With the tagline "A Star Wars Story", this first spin-off from the saga isn't actually a stand-alone movie. It requires some understanding of the context as it chronicles events that lead directly into 1977's Episode IV: A New Hope. It's also a seriously rousing action film with a riveting cast of characters and a surprising willingness to embrace even the darkest elements of storytelling. In other words, it might be the first Star Wars movie made specifically for grown-ups.
It opens as the Empire is systematically crushing the rebellion, leaving them wondering if there's any point to continuing the fight. Rumours are swirling that the Empire is building a massive Death Star, and rebel Jyn (Felicity Jones) discovers that it was designed by her long-lost father Galen (Mads Mikkelsen), who sends her a message saying that he left a flaw in the system specifically for the rebels to exploit. So she joins a team to contact him, led by Cassian (Diego Luna), who doubts that Galen is on their side. They're accompanied by pilot Bodhi (Riz Ahmed) and the sarcastic robot K-2SO (Alan Tudyk), plus the blind wannabe Jedi Chirrut (Donnie Yen) and his battling sidekick Baze (Jiang Wen). And as their mission goes rogue, they come up against the slimy Imperial Director Orson (Ben Mendelson) and the vicious Darth Vader (again voiced by James Earl Jones).
Director Gareth Edwards (Monster) packs the movie with visual references to A New Hope, cleverly matching the design work by avoiding fakey digital effects in lieu of more practical, battle-scared models and lively settings on a series of new planets and a familiar one. This gives the film an electric atmosphere that's edgy and unpredictable even though we all know exactly how this mission has to end. At the beginning, the plot feels a bit splintered, but the strands come together with power, building a gnawing sense of momentum and some real gravitas along the way.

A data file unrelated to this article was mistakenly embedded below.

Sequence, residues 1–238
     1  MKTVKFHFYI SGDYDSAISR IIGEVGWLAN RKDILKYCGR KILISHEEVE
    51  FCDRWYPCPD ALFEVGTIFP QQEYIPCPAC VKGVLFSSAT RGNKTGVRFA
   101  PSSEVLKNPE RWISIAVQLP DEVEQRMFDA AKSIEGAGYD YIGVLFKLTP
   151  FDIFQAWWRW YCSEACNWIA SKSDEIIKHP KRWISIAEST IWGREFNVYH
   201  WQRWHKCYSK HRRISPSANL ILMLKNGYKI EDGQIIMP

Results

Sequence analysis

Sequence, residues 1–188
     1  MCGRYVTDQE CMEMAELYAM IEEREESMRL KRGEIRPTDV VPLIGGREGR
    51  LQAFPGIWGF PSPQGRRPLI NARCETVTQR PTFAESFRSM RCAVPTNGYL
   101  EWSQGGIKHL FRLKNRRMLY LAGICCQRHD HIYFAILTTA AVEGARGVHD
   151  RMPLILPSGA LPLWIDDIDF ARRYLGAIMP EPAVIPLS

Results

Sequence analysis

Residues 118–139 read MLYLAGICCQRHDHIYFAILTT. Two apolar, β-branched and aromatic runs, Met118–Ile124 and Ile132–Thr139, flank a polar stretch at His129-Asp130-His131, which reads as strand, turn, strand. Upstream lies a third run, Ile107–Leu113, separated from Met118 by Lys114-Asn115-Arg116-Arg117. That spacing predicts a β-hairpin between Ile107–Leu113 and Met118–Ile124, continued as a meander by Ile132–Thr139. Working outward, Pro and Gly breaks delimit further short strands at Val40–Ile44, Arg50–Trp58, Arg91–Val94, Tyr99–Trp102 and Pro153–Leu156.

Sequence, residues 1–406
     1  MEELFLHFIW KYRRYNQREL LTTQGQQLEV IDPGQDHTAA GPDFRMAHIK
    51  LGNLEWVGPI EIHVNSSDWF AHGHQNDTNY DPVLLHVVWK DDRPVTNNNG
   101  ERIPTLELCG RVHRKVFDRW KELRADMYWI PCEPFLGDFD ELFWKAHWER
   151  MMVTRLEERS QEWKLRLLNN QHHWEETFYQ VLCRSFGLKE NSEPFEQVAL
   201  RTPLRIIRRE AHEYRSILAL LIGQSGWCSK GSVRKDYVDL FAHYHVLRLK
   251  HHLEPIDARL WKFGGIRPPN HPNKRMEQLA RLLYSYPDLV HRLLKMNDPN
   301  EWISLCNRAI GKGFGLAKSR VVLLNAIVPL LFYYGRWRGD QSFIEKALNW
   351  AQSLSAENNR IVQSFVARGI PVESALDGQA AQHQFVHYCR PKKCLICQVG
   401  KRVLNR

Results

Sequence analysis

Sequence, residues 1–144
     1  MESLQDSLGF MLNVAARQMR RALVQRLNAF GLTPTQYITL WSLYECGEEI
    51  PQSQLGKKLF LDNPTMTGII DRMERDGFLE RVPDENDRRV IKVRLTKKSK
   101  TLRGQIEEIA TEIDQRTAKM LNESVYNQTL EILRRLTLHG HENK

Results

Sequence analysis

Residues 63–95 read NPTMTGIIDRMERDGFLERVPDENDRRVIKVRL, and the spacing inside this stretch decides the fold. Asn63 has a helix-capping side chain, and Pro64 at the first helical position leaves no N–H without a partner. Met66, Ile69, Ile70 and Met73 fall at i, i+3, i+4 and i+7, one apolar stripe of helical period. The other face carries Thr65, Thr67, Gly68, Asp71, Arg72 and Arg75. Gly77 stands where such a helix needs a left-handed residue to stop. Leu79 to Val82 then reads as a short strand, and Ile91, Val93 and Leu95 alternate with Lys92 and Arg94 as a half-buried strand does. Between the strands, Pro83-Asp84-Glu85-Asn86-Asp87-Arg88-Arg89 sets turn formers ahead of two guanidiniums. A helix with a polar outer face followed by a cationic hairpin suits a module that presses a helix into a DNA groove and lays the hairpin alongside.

Continue reading: Rogue One: A Star Wars Story Review
The thing that makes this Disney live-action remake so wonderful is the same thing that might put off some audience members: it's a pure fairy tale. This time, the studio has resisted the snarky, post-modern spin that threatened to turn previous live-action remakes (Alice in Wonderland and Maleficent) into pointless Lord of the Rings-style action epics. Instead, this is a genuinely beautiful, surgingly romantic, exquisitely made fantasy.
With only a few minor tweaks, this is the classic story of Ella (Lily James), whose widowed father (Ben Chaplin) marries Lady Tremaine (Cate Blanchett). She arrives with her two spoiled daughters Drizella and Anastasia (Sophie McShera and Holliday Grainger), and when she is also widowed, Ella ends up running the household just to keep things from falling apart. But Lady Tremaine and her daughters taunt her with the nickname "Cinderella" and treat her like a slave, refusing to let her attend the ball thrown by the Crown Prince (Richard Madden). He had met Ella before, and is hoping to see her at the ball, but she only gets a chance to go when her fairy godmother (Helena Bonham Carter) turns up with some magic to make that happen. And after dancing with the Prince all night, her sudden disappearance sends him on a desperate quest involving a single glass slipper.